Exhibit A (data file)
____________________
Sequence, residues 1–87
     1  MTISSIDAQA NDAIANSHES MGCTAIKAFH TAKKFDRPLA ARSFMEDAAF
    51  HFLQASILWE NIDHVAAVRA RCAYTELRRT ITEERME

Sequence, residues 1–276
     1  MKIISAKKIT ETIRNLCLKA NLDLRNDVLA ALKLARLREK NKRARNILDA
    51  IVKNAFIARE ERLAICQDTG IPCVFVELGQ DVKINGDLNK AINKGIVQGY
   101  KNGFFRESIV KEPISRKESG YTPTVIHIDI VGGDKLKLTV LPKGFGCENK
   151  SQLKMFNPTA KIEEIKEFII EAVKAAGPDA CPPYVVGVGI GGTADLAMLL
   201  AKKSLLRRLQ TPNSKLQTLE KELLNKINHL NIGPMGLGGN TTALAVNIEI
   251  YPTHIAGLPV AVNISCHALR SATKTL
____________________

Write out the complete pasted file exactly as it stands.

Sequence, residues 1–87
     1  MTISSIDAQA NDAIANSHES MGCTAIKAFH TAKKFDRPLA ARSFMEDAAF
    51  HFLQASILWE NIDHVAAVRA RCAYTELRRT ITEERME

Sequence, residues 1–276
     1  MKIISAKKIT ETIRNLCLKA NLDLRNDVLA ALKLARLREK NKRARNILDA
    51  IVKNAFIARE ERLAICQDTG IPCVFVELGQ DVKINGDLNK AINKGIVQGY
   101  KNGFFRESIV KEPISRKESG YTPTVIHIDI VGGDKLKLTV LPKGFGCENK
   151  SQLKMFNPTA KIEEIKEFII EAVKAAGPDA CPPYVVGVGI GGTADLAMLL
   201  AKKSLLRRLQ TPNSKLQTLE KELLNKINHL NIGPMGLGGN TTALAVNIEI
   251  YPTHIAGLPV AVNISCHALR SATKTL